Wake up and sup­port farm­ers

Warragul & Drouin Gazette - - NEWS -

While the Fed­eral govern­ment gives away bil­lions in aid to oth­ers in coun­tries be­yond our bor­ders, we are all aware that our Aus­tralian pri­mary pro­duc­ers in ru­ral ar­eas are suf­fer­ing un­be­liev­able hard­ship through the drought that has crip­pled com­mu­ni­ties in NSW and QLD.

Char­ity is a good thing, but not at the ex­pense of our own fam­i­lies and com­mu­ni­ties here in Aus­tralia.

Last week I was told of a Vic­to­rian woman who is trav­el­ling to NSW with hay and aid for a friend who wants to walk away from her prop­erty.

This woman has been brought to tears and bro­ken, but not by the drought. It is the heart­less, sense­less bu­reau­cracy of our govern­ment.

She has been work­ing off farm to get money to keep her family and the prop­erty afloat. She was de­nied drought re­lief be­cause she was “work­ing and earn­ing out­side the family farm”.

The piti­ful amount that this govern­ment is pre­pared to give farm­ers and gra­ziers to help them weather this hor­rific drought is be­ing de­nied to the very peo­ple who need it most. The peo­ple who have been the back­bone of Aus­tralia and who de­serve it most are be­ing de­nied ba­sic aid to con­tinue to sus­tain their farms in times of cri­sis.

At the risk of in­sult­ing the ur­ban pop­u­la­tion of Aus­tralia who of­ten have no idea of the cost to farm­ers, gra­ziers and pro­duc­ers of the pro­duce that they send to city mar­kets to feed the ur­ban dwellers, I am say­ing to this govern­ment, wake up to the Aus­tralian com­mu­nity and their needs. Wake up to the broader needs of the Aus­tralian com­mu­ni­ties in­stead of run­ning over­seas with open cheque­books.

We im­port cheap fruit and veg­eta­bles from Asia and sub­sidised fruits from the USA, then we stand back and tut tut when farm­ers are forced to plough whole or­chards of good qual­ity Aus­tralian trees into the ground be­cause they can­not sell their pro­duce and can­not sus­tain their farms.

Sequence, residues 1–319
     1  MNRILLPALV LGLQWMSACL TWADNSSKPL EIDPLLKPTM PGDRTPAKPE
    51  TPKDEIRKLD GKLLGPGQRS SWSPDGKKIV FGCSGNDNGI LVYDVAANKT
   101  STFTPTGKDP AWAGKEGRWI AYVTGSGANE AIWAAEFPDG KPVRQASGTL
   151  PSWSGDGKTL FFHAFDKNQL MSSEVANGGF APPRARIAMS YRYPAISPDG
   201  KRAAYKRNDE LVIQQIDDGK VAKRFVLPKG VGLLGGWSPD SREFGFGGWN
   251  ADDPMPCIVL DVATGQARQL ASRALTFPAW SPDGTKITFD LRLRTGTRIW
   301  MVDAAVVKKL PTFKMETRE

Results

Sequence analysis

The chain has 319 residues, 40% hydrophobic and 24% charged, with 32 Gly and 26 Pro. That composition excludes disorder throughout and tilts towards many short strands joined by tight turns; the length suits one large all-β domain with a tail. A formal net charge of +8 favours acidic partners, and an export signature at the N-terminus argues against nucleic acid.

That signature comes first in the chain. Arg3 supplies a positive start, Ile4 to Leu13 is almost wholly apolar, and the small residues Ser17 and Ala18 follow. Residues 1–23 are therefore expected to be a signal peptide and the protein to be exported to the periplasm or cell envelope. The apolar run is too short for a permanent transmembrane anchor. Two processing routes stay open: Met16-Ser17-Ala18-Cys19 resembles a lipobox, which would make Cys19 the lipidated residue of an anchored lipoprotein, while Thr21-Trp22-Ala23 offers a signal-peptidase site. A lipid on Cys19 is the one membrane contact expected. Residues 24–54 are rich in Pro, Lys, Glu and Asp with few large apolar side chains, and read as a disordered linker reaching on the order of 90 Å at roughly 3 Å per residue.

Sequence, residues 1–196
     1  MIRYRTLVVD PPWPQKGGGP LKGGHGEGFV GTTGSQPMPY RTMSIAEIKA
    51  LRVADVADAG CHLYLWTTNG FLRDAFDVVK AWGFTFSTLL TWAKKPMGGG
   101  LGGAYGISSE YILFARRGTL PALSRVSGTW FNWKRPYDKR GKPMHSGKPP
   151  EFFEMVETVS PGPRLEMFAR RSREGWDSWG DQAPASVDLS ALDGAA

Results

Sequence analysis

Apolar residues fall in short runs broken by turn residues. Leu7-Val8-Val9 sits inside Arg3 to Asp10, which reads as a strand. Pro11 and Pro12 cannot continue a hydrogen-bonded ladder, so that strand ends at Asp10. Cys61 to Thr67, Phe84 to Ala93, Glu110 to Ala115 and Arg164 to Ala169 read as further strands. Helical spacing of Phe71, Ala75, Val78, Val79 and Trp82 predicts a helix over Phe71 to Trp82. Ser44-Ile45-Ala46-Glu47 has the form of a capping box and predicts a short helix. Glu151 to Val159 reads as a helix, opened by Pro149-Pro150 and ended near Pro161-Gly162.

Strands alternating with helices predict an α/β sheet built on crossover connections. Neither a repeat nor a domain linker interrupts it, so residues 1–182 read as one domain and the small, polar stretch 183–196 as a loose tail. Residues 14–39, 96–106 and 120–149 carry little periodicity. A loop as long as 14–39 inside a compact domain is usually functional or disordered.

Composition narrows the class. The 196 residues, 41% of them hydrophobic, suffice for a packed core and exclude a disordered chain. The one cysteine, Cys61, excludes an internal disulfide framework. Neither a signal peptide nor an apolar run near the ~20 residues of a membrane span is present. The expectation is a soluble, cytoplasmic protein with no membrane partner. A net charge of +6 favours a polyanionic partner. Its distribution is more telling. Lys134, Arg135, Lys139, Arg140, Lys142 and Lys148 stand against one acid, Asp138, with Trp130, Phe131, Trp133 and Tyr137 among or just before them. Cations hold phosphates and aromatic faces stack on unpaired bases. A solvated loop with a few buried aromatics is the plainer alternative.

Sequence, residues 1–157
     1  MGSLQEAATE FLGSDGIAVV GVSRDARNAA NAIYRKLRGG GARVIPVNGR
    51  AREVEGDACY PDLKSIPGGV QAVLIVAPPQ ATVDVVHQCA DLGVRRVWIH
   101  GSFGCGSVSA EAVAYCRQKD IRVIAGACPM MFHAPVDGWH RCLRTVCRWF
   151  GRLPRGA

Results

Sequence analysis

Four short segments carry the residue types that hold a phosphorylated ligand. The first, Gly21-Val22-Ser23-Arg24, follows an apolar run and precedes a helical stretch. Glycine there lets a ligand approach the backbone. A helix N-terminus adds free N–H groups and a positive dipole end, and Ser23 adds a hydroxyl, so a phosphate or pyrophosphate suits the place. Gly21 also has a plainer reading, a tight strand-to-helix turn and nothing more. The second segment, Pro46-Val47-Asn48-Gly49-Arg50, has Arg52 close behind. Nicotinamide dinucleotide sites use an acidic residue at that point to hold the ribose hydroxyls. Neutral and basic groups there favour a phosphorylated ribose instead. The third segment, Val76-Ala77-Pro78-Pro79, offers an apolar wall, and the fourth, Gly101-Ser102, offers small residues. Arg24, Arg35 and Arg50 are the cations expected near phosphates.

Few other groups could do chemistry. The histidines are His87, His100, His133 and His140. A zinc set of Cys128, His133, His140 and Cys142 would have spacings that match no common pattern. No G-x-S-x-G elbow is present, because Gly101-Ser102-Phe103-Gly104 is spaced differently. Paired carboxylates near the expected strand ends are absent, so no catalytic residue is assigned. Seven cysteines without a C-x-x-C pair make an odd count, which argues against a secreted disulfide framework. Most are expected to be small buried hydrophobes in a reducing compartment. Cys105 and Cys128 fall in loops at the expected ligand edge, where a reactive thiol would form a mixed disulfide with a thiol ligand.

We al­low droughts and floods to take its toll on Aus­tralian cat­tle and sheep pro­duc­ers who have to de­stroy thou­sands of cat­tle be­cause the cost of truck­ing them to the abat­toirs is more than the farmer will be paid for their skinny car­casses be­cause of droughts.

We must look to the Aus­tralian pop­u­la­tion and care for it and lessen our over­seas char­ity com­mit­ments. Our young peo­ple de­serve a fu­ture and they will only get that with more govern­ment at­ten­tion and fund­ing spent on their ed­u­ca­tion, em­ploy­ment up­skilling to in­crease job op­por­tu­ni­ties for their fu­ture.

We must find ways to care for our grow­ing aged pop­u­la­tion and in­deed to en­able them to make use­ful con­tri­bu­tions to the wider com­mu­ni­ties.

Just be­cause some­one is 60 or even 70 plus, it doesn’t mean their only fu­ture is an aged home. Many older peo­ple have skills and knowl­edge well worth shar­ing with the younger in­di­vid­u­als in a com­mu­nity.

After all the burst egos in par­lia­ment have set­tled down, I for one, hope our par­lia­men­tar­i­ans just now, get on with the job of gov­ern­ing and sup­port­ing Aus­tralian in­ter­ests and Aus­tralians whether they are in­dige­nous, im­mi­grants past and re­cent, whether they are Chris­tian, Mus­lim, Hindu, Jewish or Athe­ist. We need to be a na­tion that is both in­clu­sive and sup­port­ive of all Aus­tralians whether in ru­ral or ur­ban com­mu­ni­ties. Ilana Leeds, Drouin East chal­lenges of re-es­tab­lish­ing her­self pro­fes­sion­ally in Aus­tralia, where she and her family have made their new home.